Here’s what they say in their latest post. This is what had me thinking Creditanstalt:

The latest developments from Europe – including Greece appealing for an IMF program today – may well be a watershed, but if so, it is not a good one. The key event yesterday was that the yield on all the debt of weak eurozone governments widened while German yields fell. The spreads show all you need to know: a very clear and large contagion risk.

The five year Portuguese yields rose from 3.84% to 4.26%. The five year Spanish bonds rose from 2.89% to 3.03%, and the five year Irish bonds rose from 3.74% to 3.97%. These are not minor moves for investment grade sovereign bond funds. This kind of change means, for example (and roughly), you lose 0.5% on the value of a bond in one day. These are bonds that just pay 3% per year – and one such day may be enough to cause “investment grade investors” to decide not to stay involved and not to come back for a long while…

These higher government bond yields are also hitting banks. No doubt there is a bank run on in Greece to some extent at the wholesale level. This will spread to other banks in the region. Since their marginal funding costs are tied to the creditworthiness of the sovereign, and since the collateral for these banks’ portfolios is tied to local property values and assets, these changes in sovereign yields will have a negative impact on banks’ balance sheets.

Irrespective of the next move – which lies this weekend with the International Monetary Fund and the ministers of finance meeting in Washington for the Fund’s spring meetings – this looks like the moment when the Greek problems really start to generate contagion across the eurozone region. We’ll see rates on government debt trending higher, asset prices (such as real estate) falling even more, and renewed concern about banks on the European “periphery”.

It is that contagion and bank run part that I find worrying. I wrote about 1931 in March of last year, quoting from Charles Kindelberger (read it here). What essentially happened was that an innocuous notice from a Dutch bank that it was raising the lending rate for a fairly insignificant Austrian bank created a panic run on that bank, Creditanstalt. This bank was bailed out. But rather than calm things down, the bailout created a rout on the entire country. Eventually, Austria’s collapse reverberated around the world through bank interconnectedness and Depression ensued.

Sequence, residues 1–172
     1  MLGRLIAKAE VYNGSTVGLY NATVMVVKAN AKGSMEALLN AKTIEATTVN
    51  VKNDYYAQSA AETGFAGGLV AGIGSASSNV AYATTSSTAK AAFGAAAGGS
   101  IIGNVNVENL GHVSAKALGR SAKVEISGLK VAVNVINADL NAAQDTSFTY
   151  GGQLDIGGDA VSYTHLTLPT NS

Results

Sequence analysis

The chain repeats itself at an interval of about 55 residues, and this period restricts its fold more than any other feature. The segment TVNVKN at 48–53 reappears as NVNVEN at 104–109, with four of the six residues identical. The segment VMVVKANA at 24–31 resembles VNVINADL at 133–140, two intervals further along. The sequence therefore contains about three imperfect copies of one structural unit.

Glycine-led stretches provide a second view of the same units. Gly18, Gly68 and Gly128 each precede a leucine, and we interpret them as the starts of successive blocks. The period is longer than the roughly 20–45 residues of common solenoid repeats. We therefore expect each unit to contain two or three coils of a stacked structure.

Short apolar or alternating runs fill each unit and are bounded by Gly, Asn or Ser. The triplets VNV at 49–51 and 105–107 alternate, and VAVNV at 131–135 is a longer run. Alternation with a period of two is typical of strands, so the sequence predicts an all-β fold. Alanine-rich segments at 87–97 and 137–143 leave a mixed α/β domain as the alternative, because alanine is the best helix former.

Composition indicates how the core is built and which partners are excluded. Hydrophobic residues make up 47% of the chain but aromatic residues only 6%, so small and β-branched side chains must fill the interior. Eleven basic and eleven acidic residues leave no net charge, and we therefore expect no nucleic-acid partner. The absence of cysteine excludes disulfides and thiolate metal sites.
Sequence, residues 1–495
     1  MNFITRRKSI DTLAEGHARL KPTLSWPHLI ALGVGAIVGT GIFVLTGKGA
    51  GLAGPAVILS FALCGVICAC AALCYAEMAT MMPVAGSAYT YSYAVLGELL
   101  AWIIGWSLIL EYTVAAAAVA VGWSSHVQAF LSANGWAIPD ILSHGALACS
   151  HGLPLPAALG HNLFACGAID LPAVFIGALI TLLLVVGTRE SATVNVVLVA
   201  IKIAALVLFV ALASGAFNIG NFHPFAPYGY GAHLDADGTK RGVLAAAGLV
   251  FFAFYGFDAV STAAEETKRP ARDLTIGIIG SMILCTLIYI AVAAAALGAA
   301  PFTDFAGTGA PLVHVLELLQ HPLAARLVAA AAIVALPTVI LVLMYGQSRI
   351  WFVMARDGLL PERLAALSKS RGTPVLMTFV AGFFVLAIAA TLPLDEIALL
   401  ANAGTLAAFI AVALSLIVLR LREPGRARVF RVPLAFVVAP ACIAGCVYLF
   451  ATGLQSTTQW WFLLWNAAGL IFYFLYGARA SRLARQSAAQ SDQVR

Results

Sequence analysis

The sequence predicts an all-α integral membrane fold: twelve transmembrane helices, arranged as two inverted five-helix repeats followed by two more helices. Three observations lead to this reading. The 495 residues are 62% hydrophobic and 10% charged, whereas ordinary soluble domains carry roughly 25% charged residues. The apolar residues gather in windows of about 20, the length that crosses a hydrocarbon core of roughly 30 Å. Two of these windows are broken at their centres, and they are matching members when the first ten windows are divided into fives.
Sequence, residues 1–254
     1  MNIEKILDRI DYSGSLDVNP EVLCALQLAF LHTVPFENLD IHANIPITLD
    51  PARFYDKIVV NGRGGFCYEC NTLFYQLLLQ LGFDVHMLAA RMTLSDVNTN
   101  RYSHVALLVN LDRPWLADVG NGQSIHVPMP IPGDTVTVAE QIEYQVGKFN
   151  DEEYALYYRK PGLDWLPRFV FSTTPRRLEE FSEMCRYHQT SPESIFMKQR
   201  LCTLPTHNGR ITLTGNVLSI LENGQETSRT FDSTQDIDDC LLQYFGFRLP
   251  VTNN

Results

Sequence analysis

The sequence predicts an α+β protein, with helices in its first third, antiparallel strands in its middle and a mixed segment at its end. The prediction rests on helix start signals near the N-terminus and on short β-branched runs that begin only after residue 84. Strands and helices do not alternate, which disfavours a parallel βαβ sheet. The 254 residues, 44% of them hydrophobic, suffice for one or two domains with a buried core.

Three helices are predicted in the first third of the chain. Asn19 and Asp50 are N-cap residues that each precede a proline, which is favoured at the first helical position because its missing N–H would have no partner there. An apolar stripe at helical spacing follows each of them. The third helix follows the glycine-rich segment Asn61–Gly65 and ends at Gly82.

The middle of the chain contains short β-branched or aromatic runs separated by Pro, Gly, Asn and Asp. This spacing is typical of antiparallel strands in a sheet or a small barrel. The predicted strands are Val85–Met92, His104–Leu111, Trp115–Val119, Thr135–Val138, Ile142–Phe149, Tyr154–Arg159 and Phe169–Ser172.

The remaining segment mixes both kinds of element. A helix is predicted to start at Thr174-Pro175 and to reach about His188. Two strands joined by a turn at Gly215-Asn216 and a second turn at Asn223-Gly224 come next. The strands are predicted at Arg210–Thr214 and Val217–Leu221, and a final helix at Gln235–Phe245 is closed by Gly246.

As Spring 1931 corresponds to right now, I see parallels to what is occurring in Greece and what occurred in 1931 Austria. This as a critical juncture in the Euro experiment, not just for Greece, but globally. Boone and Johnson suggest that a bailout of Greece is now perceived as a collective backstop of Portugal, Spain, Ireland and Italy too.

And this is simply not credible. So, the sovereign bond contagion is already with us. However, if a Greek bank run ensues, I am pretty sure Swiss, German or Austrian bank exposure to these banks would be a serious problem. the question is what can the Eurozone due about this? Is the US involved in any way? Yes it is.

Johnson and Boone say:

Yesterday was also a wake-up call for the United States. It is no longer reasonable or responsible to say: “US banks have no exposure to Greece”. US banks are heavily exposed to Europe, and this is turning into a serious Europe-wide problem. The US badly needs to make sure this does not spread beyond Greece and Portugal/Ireland.

To restore confidence in buying Spanish and other major European nation bonds, it would surely help to have clear signals that President Obama himself, and the Federal Reserve, are taking an active stance now on making sure this does not spread to become another threat to global financial stability. A broader wall of preventive financing must now be put in place – after all, this is exactly why (in principle) the IMF was recapitalized this time last year.

Such a push by the US would be awkward, to be sure, as the French and Germans (and British) are not keen to have more US involvement in their affairs. But the Europeans have handled matters so badly in the past few months, it is time for a much more scaled-up US role.

The following passages are excerpts from Charles Kindleberger’s book "The World in Depression."

The Creditanstalt